“After accounting for various influencing and modifying factors, we found that young adults with prediabetes were 1.7 times more likely to be hospitalized for a heart attack compared to their peers without prediabetes,” Jain said. “Despite higher risks of having a heart attack, young adults with prediabetes did not have a higher incidence of other major adverse cardiovascular events, such as cardiac arrest or stroke.”
Although prediabetes is a precursor to type 2 diabetes and other serious health complications, it can be reversed. Many of the steps taken to prevent prediabetes are the same steps taken to prevent heart disease.
“When blood sugar levels meet the criteria for prediabetes, that’s a red flag for action. It’s important for people with prediabetes to know that lifestyle changes are key to improving their blood sugar levels and overall health. , and eventually reverse prediabetes and prevent type 2 diabetes,” said Eduardo Sanchez, MD, MPH, FAHA, FAAFP, medical director of the American Heart Association, chief prevention officer and clinical lead for the Know Diabetes Initiative. by Heart™ from the Association “Eating a healthy diet, being physically active and losing weight, if necessary, are all significant ways to reverse a diagnosis of prediabetes. For smokers, participation in a cessation program smoking is also extremely important Other lifestyle and behavioral changes, such as stress reduction, may seem small, but they can have a big impact on many different areas of life and can also make a difference.
Extensive research on heart attacks in young adults with prediabetes is lacking and much more needs to be done, according to Jain.
“Our study should be considered a foundation for future research to clearly establish the burden of heart disease in young adults with prediabetes, given the prevalence of prediabetes in nearly one-third of adults in the United States. It is essential to educate young adults about the importance of routine health checkups, including screening for prediabetes, and taking steps to prevent or delay the development of type 2 diabetes and associated cardiovascular events such as a heart attack,” he said.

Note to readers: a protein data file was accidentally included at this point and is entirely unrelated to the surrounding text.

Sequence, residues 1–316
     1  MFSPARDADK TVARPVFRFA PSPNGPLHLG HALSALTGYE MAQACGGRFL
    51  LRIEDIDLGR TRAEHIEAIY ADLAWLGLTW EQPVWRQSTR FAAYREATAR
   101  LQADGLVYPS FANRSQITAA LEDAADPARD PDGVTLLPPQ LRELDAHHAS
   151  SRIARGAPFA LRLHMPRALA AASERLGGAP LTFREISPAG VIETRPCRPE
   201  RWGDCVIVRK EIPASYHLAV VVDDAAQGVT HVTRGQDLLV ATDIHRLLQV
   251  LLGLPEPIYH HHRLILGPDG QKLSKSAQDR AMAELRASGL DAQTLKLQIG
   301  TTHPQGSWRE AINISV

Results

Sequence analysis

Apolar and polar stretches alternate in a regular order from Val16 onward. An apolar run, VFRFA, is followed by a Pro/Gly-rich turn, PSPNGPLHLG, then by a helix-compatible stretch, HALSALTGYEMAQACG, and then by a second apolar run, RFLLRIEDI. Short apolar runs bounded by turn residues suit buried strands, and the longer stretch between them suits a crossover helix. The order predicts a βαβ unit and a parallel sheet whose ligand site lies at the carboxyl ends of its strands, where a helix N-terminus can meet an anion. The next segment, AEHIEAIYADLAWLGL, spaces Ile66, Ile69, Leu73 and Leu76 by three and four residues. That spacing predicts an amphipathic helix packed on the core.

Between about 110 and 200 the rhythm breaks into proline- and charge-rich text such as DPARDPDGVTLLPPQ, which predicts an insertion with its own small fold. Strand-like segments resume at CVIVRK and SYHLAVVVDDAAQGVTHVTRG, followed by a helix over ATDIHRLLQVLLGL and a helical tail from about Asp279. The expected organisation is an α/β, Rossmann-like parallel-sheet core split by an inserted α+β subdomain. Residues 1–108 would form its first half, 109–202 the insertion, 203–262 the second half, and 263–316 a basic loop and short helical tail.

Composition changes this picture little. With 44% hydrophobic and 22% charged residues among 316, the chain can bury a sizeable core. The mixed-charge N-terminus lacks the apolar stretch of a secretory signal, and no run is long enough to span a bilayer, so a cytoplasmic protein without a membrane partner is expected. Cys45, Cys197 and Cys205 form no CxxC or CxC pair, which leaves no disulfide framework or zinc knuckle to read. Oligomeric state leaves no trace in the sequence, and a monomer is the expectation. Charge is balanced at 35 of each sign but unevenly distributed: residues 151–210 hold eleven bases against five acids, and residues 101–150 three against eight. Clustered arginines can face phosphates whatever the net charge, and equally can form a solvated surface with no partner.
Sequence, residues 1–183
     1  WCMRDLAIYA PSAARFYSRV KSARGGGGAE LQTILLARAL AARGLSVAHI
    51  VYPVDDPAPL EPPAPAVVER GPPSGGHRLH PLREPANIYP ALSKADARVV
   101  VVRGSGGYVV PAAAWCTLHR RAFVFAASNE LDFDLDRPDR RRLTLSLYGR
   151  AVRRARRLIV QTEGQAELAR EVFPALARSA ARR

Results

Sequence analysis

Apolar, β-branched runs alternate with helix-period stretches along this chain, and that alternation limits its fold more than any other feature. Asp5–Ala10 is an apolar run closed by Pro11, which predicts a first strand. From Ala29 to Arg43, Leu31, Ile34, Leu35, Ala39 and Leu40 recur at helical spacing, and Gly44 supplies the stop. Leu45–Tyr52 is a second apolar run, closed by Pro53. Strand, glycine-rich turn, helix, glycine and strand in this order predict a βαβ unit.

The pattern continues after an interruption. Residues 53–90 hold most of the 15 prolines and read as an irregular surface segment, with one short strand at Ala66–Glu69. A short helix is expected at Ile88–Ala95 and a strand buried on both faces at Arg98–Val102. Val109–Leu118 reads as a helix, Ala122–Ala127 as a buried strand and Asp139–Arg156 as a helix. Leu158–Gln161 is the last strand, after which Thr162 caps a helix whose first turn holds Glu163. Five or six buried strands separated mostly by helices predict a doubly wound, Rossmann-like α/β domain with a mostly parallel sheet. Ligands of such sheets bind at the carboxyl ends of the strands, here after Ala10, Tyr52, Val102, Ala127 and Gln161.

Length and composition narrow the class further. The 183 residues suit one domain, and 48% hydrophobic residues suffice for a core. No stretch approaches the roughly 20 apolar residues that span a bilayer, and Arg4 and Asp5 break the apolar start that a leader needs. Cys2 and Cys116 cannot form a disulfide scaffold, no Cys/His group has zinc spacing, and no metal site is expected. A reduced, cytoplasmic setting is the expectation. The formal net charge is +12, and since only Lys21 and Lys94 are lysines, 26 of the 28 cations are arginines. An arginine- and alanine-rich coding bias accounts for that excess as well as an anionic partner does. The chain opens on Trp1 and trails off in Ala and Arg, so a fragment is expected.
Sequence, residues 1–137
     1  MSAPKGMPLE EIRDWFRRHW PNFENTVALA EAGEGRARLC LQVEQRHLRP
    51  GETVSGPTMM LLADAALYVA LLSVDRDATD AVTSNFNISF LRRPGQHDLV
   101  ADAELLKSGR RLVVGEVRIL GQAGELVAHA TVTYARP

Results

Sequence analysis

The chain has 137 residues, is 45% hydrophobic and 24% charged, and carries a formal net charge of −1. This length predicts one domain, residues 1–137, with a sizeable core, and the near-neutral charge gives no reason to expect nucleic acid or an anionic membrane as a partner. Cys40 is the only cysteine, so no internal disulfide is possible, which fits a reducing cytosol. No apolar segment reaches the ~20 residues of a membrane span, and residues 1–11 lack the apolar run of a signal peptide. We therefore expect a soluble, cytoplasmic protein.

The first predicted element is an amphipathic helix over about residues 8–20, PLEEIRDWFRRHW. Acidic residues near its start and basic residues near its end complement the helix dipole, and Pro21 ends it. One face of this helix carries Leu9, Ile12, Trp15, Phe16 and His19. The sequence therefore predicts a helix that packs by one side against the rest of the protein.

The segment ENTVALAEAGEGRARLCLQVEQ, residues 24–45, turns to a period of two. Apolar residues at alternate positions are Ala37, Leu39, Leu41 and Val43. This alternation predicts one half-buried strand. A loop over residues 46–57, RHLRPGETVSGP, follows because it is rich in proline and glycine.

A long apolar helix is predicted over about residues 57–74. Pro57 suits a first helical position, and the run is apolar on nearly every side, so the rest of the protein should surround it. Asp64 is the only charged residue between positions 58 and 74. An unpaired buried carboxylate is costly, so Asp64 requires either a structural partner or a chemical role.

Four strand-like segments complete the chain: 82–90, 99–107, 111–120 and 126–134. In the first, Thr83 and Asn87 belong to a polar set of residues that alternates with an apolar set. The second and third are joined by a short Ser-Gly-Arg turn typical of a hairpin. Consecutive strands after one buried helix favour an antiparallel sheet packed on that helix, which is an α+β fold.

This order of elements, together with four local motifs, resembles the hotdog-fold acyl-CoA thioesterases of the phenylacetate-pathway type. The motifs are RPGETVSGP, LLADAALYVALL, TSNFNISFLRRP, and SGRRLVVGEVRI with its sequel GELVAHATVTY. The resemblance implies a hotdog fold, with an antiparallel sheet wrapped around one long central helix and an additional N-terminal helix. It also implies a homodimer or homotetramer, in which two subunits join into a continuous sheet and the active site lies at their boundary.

Co-authors are Rupak Desai, MBBS; Fariah Asha Haque, MBBS; Advait Vasavada, MBBS; Manisha Jain, MBBS; Rohan Desai, MD; Viralkumar Patel, MD; Saima Shawl, MBBS; Sailaja Sanikommu, MBBS; Samuel Edusa, MD; Navya Sadum, MBBS; and Thomas Alukal, MD Author disclosures are listed in the abstract.
The authors reported no outside funding for this study.
REMARK: The presentation time for this oral summary is 8:06 a.m., Saturday, May 14, 2022.
Statements and conclusions of studies presented at American Heart Association scientific meetings are solely those of the study authors and do not necessarily reflect the policy or position of the Association. The Association makes no representations or warranties as to their accuracy or reliability. Abstracts presented at the Association’s scientific meetings are not peer-reviewed, but rather by independent review committees and are considered based on the potential to add to the diversity of scientific issues and viewpoints discussed. during a meeting. Results are considered preliminary until published as a full manuscript in a peer-reviewed scientific journal.